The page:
Ahmet Davutoğlu, the leader of Turkey’s opposition Gelecek Partisi (Future Party), broke his silence on Wednesday on a recent European Court of Human Rights (ECtHR) decision concerning a teacher while stopping short of calling on the government to implement the court’s decision, marking the first public statement from an opposition party leader on the landmark ruling, the Kronos news website reported.
The ECtHR last week delivered its ruling on Yüksel Yalçınkaya, a former teacher convicted of Gülen links due to his alleged use of a mobile application, his bank account and labor union membership. The court concluded that Yalçınkaya’s conviction violated several legal principles enshrined in the European Convention on Human Rights: the right to a fair trial, the principle of no crime without law and the right to association.
The Strasbourg court also criticized Turkey’s widespread use as evidence of the mobile messaging app ByLock as broad and arbitrary, lacking necessary safeguards for a fair trial. Additionally, the court pointed out significant procedural deficiencies in Yalçınkaya’s trial, including not granting him access to evidence or allowing the independent examination of data.
The ruling is expected by legal experts and human rights defenders to have an impact on the conviction or trial of thousands of people who face terrorism charges due to their affiliation with the Gülen movement, a faith-based group accused by the Turkish government of masterminding a failed coup in 2016 and labeled as a terrorist organization. The movement strongly denies involvement in the abortive putsch or any terrorist activity.
Davutoğlu criticized the Turkish government for arresting thousands of people along with their relatives and enriching government supporters through a scheme known as the “FETÖ market,” which involves targeting businesspeople with supposed ties to the Gülen movement and extorting assets from them in exchange for dropping charges.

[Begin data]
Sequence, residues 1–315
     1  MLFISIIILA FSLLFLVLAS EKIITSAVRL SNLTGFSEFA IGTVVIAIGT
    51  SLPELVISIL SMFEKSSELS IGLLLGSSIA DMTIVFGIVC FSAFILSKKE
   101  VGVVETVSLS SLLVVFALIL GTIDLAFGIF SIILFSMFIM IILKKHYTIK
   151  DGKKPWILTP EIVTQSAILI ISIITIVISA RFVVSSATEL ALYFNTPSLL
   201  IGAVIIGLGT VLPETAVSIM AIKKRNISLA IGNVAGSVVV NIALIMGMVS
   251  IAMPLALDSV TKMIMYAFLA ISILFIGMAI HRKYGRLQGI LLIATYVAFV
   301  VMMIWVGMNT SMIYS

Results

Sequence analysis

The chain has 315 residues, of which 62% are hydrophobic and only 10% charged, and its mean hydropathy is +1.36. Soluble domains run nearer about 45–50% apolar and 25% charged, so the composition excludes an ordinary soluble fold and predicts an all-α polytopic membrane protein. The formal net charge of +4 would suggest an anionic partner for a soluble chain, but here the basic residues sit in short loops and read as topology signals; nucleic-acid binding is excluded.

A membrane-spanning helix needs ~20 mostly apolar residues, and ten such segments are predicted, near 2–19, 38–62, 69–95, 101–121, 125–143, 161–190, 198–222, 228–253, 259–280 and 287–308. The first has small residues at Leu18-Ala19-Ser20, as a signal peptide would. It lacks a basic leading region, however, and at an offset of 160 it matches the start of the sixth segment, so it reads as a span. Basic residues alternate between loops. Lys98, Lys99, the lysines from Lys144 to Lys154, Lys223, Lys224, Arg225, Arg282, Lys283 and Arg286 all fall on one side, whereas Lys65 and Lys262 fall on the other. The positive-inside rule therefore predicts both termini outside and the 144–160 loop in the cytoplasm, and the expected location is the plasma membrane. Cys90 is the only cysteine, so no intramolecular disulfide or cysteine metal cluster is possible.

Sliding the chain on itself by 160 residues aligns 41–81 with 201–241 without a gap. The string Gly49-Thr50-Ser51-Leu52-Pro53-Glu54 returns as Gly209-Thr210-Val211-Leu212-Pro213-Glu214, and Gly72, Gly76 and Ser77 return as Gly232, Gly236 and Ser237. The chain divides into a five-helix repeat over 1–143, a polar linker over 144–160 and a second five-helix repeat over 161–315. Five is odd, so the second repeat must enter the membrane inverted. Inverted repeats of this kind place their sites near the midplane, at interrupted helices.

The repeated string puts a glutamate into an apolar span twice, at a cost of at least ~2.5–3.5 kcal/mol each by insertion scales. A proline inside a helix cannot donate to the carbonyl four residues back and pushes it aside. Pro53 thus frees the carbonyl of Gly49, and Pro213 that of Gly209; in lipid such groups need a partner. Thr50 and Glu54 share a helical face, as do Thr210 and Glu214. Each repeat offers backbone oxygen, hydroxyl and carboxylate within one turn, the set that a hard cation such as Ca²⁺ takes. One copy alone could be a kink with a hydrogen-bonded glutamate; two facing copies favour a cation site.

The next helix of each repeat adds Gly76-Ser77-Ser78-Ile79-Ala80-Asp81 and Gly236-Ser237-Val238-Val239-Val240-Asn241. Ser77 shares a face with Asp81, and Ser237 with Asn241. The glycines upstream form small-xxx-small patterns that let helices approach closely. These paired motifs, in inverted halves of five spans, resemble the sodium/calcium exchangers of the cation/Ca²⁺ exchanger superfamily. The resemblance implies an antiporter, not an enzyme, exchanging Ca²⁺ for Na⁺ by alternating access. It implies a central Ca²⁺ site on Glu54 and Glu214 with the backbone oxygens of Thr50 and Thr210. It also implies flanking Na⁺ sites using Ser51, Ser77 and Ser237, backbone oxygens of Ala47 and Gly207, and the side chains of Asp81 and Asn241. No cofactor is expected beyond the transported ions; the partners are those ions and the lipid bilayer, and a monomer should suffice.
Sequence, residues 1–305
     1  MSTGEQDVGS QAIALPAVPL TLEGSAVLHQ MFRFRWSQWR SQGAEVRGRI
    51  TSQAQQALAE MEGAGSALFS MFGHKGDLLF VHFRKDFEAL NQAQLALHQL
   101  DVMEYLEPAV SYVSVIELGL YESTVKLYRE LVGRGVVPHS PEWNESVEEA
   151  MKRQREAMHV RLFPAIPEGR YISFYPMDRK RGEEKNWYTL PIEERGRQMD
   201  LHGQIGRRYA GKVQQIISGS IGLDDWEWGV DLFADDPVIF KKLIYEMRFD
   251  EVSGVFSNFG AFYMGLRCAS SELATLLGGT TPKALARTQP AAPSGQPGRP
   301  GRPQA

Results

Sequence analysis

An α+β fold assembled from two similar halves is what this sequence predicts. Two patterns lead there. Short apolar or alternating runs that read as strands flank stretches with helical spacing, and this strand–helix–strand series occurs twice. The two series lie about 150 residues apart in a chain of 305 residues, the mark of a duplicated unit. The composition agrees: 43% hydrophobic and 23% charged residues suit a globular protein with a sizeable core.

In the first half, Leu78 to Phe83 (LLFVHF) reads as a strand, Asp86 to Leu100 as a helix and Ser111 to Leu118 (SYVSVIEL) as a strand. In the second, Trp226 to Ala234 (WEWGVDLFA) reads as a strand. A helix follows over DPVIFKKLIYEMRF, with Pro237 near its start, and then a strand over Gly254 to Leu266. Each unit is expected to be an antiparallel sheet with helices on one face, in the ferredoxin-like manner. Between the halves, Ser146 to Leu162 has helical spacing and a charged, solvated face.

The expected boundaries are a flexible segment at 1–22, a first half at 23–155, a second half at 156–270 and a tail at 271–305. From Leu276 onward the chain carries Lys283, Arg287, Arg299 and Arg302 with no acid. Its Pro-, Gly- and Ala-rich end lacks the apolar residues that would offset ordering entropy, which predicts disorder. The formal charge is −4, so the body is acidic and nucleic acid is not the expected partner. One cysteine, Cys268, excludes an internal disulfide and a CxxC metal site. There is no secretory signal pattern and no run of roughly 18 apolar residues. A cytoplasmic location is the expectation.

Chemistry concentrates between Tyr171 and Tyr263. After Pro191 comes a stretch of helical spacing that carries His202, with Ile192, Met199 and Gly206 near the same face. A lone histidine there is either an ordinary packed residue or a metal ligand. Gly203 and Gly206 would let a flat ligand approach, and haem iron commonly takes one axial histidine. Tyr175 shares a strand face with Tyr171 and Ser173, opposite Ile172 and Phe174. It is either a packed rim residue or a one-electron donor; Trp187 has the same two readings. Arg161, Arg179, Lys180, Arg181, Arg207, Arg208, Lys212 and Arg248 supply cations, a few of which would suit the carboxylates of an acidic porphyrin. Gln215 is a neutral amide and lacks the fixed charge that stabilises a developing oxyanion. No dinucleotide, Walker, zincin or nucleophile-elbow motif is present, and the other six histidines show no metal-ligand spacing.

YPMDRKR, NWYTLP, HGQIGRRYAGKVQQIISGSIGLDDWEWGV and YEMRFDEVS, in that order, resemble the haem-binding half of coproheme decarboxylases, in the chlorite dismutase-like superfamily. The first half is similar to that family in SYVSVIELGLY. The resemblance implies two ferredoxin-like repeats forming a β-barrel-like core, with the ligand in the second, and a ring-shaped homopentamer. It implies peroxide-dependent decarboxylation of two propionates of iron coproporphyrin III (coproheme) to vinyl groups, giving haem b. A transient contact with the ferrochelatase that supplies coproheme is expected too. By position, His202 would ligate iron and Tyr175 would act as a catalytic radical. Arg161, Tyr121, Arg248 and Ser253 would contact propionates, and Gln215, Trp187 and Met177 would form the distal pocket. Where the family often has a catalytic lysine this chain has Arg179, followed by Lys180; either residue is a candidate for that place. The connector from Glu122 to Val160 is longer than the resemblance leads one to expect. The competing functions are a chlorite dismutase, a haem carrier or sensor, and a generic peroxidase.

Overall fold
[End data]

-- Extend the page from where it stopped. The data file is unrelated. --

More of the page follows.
While Davutoğlu criticized the Turkish government for its actions after the coup, he did not elaborate on the content of the landmark ECtHR ruling. In particular, Davutoğlu did not call on the Turkish government to implement the court’s decision.
He also revealed that he had submitted a written text to President Recep Tayyip Erdoğan advising that all unjust gains acquired from Gülen member businesspeople should be transferred to the treasury.
The opposition leader’s comments come amid a wave of criticism and defiance from Turkish officials, including Erdoğan and Justice Minister Yılmaz Tunç, who have accused the ECtHR of exceeding its authority. Chief Justice Zühtü Arslan also expressed disagreement with the ECtHR’s ruling, stating that the Constitutional Court would revisit Yalçınkaya’s case during his retrial.
The ECtHR’s decision is seen as a landmark ruling that could affect thousands of similar cases in Turkey. It found Turkey in violation of three articles of the European Convention on Human Rights and ordered the country to pay Yalçınkaya 15,000 euros for costs and expenses.
While the ruling has garnered international attention, including a call from the German Bar Association for Turkey’s Constitutional Court to consider the ECtHR’s decision, the silence from Turkey’s own legal community and opposition parties has been noteworthy.